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In Defence of Defenders: A practical guide to legal means and advocacy tools for criminalised Human Rights Defenders in Europe

Date 27 February, 2023
Category Special Report

Recent years have seen a rise in the erosion of the rule of law in Europe and a backlash against democracy, human rights and those working in defence of human rights. Human Rights Defenders are at high risk of facing repression and various forms of criminalisation while protecting, promoting and safeguarding fundamental freedoms and basic human rights.

Following the definition given by the UN Declaration on Human Rights Defenders, a Human Rights Defender is a person who, individually or in association with others, promotes and strives for the protection and realisation of human rights and fundamental freedoms at national and international levels in a peaceful manner. The term is used broadly and can include activists from different backgrounds, scholars, and law practitioners, such as judges and lawyers. Therefore, the term also includes people on the move.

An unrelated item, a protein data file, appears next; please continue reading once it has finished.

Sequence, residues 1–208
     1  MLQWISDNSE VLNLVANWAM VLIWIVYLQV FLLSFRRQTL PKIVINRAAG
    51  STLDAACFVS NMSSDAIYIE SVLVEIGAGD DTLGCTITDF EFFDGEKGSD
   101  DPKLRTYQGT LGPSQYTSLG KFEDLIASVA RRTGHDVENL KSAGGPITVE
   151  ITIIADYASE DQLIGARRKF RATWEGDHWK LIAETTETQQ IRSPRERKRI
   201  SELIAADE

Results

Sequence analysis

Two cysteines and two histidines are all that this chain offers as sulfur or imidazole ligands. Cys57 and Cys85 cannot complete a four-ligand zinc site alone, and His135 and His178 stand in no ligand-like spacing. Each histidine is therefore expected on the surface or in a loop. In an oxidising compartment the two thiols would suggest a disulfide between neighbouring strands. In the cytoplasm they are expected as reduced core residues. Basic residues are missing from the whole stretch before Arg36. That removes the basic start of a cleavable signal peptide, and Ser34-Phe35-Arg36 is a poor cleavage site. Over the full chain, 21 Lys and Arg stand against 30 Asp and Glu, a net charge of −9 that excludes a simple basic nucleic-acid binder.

The consequences of criminalisation are immense — for Human Rights Defenders, as well as for the people they support. Often, either crucial support of victims of human rights violations is stopped completely or valuable resources have to instead be spent on countering acts of criminalisation and their effects. This toolkit outlines and explores available mechanisms and institutions, protecting legislation, and advocacy avenues to approach when Human Rights Defenders experience criminalisation at the domestic, European or international level. At the domestic level, the focus of this toolkit is on Greece and Croatia, with hope for expansion.

From September to December 2022, the Border Violence Monitoring Network conducted extensive research on possible legal, institutional and informal mechanisms to take or approach when a Human Rights Defender faces criminalisation. Furthermore, over 25 interviews with various actors and organisations, governmental as well as non-governmental, working in the field of either migration, the no-border movement, human rights protection and/or human rights defending were conducted. Several of the actors faced criminalisation themselves and reported on the actions they undertook, the institutions they approached and the lessons they learned during the process.